Long Term Split Belt Treadmill Training for Stroke Recovery
|Study Design:||Intervention Model: Single Group Assignment
Masking: No masking
Primary Purpose: Treatment
|Official Title:||Long Term Split Belt Treadmill Training for Stroke Recovery|
- Change in Baseline Step length symmetry. That is, whether the steps with right and left legs are the same length. [ Time Frame: Baseline Visit 1 (week 1) and Baseline Visit 2 (week 2), 2 times during training (once at week 6 and once at week 10), after training (week 14), and 1- and 3 months after training ]Subjects will either walk on a special mat that records their step lengths, or will wear special markers on the feet and body to record their step lengths.
- Change in Baseline Oxygen intake [ Time Frame: Baseline Visit 1 (week 1) and Baseline Visit 2 (week 2), 2 times during training (once at week 6 and once at week 10), after training (week 14), and 1- and 3 months after training ]A metabolic cart will be used while the subject is walking on the treadmill to determine if training is helping their bodies become more efficient with their oxygen intake.
- Walking speed [ Time Frame: Before training, periodically during training, post training and 1- and 3 months after training ]Subjects will complete a 6 meter walking test to determine if the treadmill training has increased their walking speed. This will allow for a progressive increase in treadmill speed during training for each individual subject.
|Study Start Date:||June 2012|
|Estimated Study Completion Date:||August 2017|
|Estimated Primary Completion Date:||July 2017 (Final data collection date for primary outcome measure)|
Experimental: Treadmill Exercise
Split-belt treadmill training
Behavioral: Split belt treadmill
A split belt treadmill is like a typical treadmill that is seen in the gym, except that this treadmill has two belts that move instead of just one. One leg goes on one belt and the other leg uses the other belt. The belt speeds can be set to move at the same speed, making this treadmill similar to any regular treadmill, but, belt speeds can also be set so that one belt moves a little faster than the other. The belts are never set at a running or jogging speed, only a self-paced walking speed regardless of whether the belts are both going the same or slightly different speeds.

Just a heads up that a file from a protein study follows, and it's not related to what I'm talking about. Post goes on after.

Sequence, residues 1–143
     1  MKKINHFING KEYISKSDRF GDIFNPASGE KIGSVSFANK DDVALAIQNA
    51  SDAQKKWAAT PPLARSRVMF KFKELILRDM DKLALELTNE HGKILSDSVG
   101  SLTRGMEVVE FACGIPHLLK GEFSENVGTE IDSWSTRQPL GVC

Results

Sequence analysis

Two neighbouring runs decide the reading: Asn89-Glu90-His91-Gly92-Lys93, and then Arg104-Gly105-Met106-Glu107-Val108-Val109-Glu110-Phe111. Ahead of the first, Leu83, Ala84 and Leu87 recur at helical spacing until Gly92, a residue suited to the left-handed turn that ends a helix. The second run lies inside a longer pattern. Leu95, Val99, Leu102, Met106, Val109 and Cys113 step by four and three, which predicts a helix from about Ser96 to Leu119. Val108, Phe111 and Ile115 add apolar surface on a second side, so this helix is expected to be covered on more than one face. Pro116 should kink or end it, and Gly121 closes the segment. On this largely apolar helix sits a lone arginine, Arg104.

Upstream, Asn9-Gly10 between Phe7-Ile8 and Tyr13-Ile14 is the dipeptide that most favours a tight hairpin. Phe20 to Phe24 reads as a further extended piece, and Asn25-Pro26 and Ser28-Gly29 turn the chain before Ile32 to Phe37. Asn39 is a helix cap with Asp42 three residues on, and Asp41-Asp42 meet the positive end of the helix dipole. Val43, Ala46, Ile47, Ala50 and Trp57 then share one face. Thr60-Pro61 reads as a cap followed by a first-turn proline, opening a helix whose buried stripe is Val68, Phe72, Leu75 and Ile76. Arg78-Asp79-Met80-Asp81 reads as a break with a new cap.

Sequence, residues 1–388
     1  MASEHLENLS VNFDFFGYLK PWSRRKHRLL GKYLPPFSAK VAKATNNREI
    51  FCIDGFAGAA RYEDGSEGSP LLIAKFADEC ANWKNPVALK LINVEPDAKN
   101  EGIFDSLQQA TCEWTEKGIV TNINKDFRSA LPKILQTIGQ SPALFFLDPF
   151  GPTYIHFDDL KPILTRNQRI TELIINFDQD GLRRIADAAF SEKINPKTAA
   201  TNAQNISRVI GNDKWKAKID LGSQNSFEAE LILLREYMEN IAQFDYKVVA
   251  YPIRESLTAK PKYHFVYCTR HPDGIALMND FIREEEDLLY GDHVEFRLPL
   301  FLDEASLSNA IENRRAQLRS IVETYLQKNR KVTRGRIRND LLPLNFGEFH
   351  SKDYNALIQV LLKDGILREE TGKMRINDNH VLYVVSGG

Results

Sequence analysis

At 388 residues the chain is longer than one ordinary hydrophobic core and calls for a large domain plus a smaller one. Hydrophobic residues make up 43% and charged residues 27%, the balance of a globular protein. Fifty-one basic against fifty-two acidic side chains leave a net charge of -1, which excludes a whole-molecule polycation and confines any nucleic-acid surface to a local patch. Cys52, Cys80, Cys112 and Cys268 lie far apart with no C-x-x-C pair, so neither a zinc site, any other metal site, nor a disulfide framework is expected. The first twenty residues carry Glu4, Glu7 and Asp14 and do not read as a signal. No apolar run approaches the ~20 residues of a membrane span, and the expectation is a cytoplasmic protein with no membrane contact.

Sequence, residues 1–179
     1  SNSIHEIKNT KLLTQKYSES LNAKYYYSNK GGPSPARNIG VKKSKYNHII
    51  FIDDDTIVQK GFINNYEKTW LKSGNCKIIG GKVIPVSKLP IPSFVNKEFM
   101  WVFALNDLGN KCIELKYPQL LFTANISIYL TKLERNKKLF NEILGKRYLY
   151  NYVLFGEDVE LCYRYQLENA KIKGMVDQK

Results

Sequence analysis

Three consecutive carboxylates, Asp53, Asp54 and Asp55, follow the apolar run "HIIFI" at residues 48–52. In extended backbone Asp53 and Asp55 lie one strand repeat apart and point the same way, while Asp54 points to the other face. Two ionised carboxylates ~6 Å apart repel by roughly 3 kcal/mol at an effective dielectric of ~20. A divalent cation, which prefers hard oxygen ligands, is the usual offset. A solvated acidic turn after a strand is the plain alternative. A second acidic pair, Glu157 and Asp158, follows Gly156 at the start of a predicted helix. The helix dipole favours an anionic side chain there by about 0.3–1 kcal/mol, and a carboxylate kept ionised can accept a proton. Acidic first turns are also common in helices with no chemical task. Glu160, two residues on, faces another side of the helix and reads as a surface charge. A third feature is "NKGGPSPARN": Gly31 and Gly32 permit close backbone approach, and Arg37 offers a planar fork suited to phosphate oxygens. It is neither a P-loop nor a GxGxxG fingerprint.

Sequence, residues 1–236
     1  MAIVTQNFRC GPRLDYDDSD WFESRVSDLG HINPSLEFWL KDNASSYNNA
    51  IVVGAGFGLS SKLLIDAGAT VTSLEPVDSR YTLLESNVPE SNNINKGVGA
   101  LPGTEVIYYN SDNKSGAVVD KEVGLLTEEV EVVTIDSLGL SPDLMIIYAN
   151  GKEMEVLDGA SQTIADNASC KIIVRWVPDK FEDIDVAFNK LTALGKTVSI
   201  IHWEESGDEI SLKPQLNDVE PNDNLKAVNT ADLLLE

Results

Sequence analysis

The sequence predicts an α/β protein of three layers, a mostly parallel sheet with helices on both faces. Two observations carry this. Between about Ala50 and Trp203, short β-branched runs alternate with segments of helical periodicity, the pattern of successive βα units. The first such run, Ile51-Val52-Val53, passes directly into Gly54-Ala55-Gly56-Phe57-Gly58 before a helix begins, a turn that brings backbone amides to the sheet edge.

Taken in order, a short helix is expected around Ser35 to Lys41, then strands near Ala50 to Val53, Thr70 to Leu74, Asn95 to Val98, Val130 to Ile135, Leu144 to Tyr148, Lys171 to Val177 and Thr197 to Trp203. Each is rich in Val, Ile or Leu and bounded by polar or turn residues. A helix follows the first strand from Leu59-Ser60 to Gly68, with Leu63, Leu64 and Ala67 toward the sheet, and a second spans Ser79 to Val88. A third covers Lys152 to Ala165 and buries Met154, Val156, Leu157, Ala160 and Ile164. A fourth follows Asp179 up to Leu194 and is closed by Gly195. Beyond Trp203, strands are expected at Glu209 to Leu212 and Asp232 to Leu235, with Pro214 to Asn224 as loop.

Coordination between the legs during walking is often disrupted after neurological injury, resulting in asymmetric gait patterns. Recent data shows that walking patterns can be altered through treadmill training, even after central nervous system damage. The investigators have studied short-term adaptation of inter-limb coordination during walking using a split-belt treadmill to control speed of the two legs independently. Our findings demonstrate that walking patterns are adaptable. The investigators have also shown that people with cerebral damage from stroke can benefit in the short-term to correct asymmetric walking patterns. Since all of our previous work has focused on single training sessions or up to 4 week training sessions, the investigators would like to study long-term effects of split belt treadmill training. Therefore, the purpose of this study is to prepare for a clinical trial of split-belt treadmill training to treat walking pattern deficits from cerebral damage. The investigators will gather data to determine whether different types of treadmill training on a custom split-belt treadmill are likely to change/improve walking symmetry as well as metabolic efficiency.
The investigators will study adults with cerebral damage due to stroke. Subjects with hemiparesis will undergo training 3 times a week for a total of 33 training session. These 33 sessions will be broken into 3 blocks of 11 sessions. After each block of 11 sessions an evaluation will be done to record any gait improvements. Training for the subjects with hemiparesis will either be conventional treadmill walking (both legs moving at the same speed) or split-belt treadmill walking (with one leg moving faster than the other). These studies will provide important new information about normal mechanisms of locomotor adaptation, as well as providing a new rehabilitation tool for people with asymmetric gait patterns. Note that this study is not an aerobic conditioning program since subjects will work well below their age-adjusted target heart rate; it is instead a retraining program aimed at teaching people a new inter-limb coordination pattern as well as to determine whether this training can influence the subject's body's ability to use its intake of oxygen more efficiently. This study is also critical for developing procedural reliability processes, calculating effect sizes, training clinical staff, and determining other salient clinical variables in preparation for a randomized clinical trial.
Please refer to this study by its ClinicalTrials.gov identifier: NCT01646216
|United States, Maryland|
|Motion Analysis Lab in the Kennedy Krieger Institute|
|Baltimore, Maryland, United States, 21205|
|Principal Investigator:||Amy J Bastian, PhD, PT||Kennedy Krieger Institute and Johns Hopkins School of Medicine|